04 March, 2016
Nokia 220 MMS Size Limit
We have a Nokia 220 around that is the subject of a long term use review. As we used that mobile, we noticed that the multimedia messaging (MMS) system was a little flaky—some MMS were received without difficulty other MMS messages were never downloaded, producing the "Can't download message" error. In rudimentary investigation of the critical factor, we noticed that it seemed to be the larger MMS messages that were failing. The MMS size limit on the AT&T network is one megabyte (1 MB), pending device support. Since it appeared that the Nokia 220 did not support MMS messages of this size, we set out to measure the exact MMS size limit for reception on the Nokia 220.
Methods
The first challenge we faced was working out a method by which we could deliver an MMS message with defined payload sizes. The AT&T MMS appliance is strict about what it will deliver as an MMS message, and it will happily (re)compress your media (*.mp3 audio files or *.jpg image files) in order to limit network traffic. The MMS appliance will also prevent the delivery of MMS messages to various mobiles based on a set of rules about what file types are "suitable" for your mobile. For the Nokia 220, which doesn't appear anywhere in the AT&T device database, the AT&T MMS appliance will happily deliver arbitrary file types. This allows us then to skip trying to generate image files which differ by one byte (a decidedly losing battle) or inserting extra data payloads into known file types to generate the necessary granularity. We can then simply write a program to generate files of any size to use as our testing set.
With this first hurdle cleared, we wrote the following program (bytes) to generate binary data of arbitrary size.
$ cat bytes
#!/usr/bin/perl

$data = pack("B8", "01111000");

open(my $file, '>:raw', $ARGV[0] . ".byt");

for ( my $i = 0; $i < $ARGV[0]; $i++ ){
  print $file $data;
}

close($file);
$
The bytes program generates an 8 bit binary number (01111000 binary or 78 decimal or the character "x" in the ASCII character table) and writes it to a file as many times as requested by the first command line argument (that argument is also used as the file name in order to help keep track of all the files differing by a single byte). The bytes program is invokes as follows,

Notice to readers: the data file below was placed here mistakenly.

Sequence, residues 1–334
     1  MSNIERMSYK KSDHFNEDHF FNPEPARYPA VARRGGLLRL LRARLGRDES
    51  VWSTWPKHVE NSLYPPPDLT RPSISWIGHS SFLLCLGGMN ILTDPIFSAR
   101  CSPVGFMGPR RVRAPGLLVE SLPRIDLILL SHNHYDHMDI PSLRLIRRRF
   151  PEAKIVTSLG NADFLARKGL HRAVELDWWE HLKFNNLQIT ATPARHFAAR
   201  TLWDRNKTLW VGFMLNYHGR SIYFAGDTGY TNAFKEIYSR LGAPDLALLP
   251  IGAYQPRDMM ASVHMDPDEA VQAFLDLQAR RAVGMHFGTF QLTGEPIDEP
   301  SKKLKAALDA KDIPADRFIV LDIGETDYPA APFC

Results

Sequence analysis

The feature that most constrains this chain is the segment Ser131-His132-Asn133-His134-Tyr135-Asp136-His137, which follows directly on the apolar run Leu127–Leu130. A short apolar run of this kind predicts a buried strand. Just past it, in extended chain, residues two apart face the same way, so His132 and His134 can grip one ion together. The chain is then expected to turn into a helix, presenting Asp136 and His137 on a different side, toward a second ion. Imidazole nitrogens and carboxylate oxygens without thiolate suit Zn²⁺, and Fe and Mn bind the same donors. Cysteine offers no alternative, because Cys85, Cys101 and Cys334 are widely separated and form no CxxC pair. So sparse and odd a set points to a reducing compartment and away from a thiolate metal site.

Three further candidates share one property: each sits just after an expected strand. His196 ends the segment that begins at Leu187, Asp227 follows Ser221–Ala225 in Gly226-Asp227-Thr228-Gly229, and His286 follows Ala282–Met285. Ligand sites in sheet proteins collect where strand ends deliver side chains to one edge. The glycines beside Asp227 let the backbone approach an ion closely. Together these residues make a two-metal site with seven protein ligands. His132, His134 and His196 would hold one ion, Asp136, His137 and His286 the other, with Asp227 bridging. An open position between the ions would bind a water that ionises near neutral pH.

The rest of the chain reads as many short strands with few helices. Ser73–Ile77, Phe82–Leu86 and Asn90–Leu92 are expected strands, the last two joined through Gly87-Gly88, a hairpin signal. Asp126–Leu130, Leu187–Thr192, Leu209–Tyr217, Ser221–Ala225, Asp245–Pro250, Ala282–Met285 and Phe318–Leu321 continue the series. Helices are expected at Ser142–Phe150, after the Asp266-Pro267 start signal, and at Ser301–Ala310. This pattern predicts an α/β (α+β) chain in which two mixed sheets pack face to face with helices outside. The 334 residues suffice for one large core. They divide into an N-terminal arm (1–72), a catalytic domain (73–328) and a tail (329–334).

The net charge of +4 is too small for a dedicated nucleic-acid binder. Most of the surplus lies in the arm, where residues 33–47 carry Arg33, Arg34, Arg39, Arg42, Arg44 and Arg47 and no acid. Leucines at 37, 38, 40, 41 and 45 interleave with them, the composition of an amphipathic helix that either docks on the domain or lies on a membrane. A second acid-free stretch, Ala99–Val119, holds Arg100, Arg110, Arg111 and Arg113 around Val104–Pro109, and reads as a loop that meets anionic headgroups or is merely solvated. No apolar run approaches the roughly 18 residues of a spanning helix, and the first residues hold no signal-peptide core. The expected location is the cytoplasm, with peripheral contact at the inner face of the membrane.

$ bytes 300000
and generates an output that looks like this.
$ ls -al 300000.byt
-rw-r--r-- 1 pmob users 300000 2016-02-29 13:57 300000.byt
$ vi -b 300000.byt
 offset    0  1  2  3   4  5  6  7   8  9  a  b   c  d  e  f  0123456789abcdef
------------------------------------------------------------------------------
00000000 <78>78 78 78  78 78 78 78  78 78 78 78  78 78 78 78  xxxxxxxxxxxxxxxx
00000010  78 78 78 78  78 78 78 78  78 78 78 78  78 78 78 78  xxxxxxxxxxxxxxxx
00000020  78 78 78 78  78 78 78 78  78 78 78 78  78 78 78 78  xxxxxxxxxxxxxxxx
00000030  78 78 78 78  78 78 78 78  78 78 78 78  78 78 78 78  xxxxxxxxxxxxxxxx
00000040  78 78 78 78  78 78 78 78  78 78 78 78  78 78 78 78  xxxxxxxxxxxxxxxx
00000050  78 78 78 78  78 78 78 78  78 78 78 78  78 78 78 78  xxxxxxxxxxxxxxxx
00000060  78 78 78 78  78 78 78 78  78 78 78 78  78 78 78 78  xxxxxxxxxxxxxxxx
00000070  78 78 78 78  78 78 78 78  78 78 78 78  78 78 78 78  xxxxxxxxxxxxxxxx
00000080  78 78 78 78  78 78 78 78  78 78 78 78  78 78 78 78  xxxxxxxxxxxxxxxx
00000090  78 78 78 78  78 78 78 78  78 78 78 78  78 78 78 78  xxxxxxxxxxxxxxxx
000000a0  78 78 78 78  78 78 78 78  78 78 78 78  78 78 78 78  xxxxxxxxxxxxxxxx
000000b0  78 78 78 78  78 78 78 78  78 78 78 78  78 78 78 78  xxxxxxxxxxxxxxxx
000000c0  78 78 78 78  78 78 78 78  78 78 78 78  78 78 78 78  xxxxxxxxxxxxxxxx
000000d0  78 78 78 78  78 78 78 78  78 78 78 78  78 78 78 78  xxxxxxxxxxxxxxxx
000000e0  78 78 78 78  78 78 78 78  78 78 78 78  78 78 78 78  xxxxxxxxxxxxxxxx
000000f0  78 78 78 78  78 78 78 78  78 78 78 78  78 78 78 78  xxxxxxxxxxxxxxxx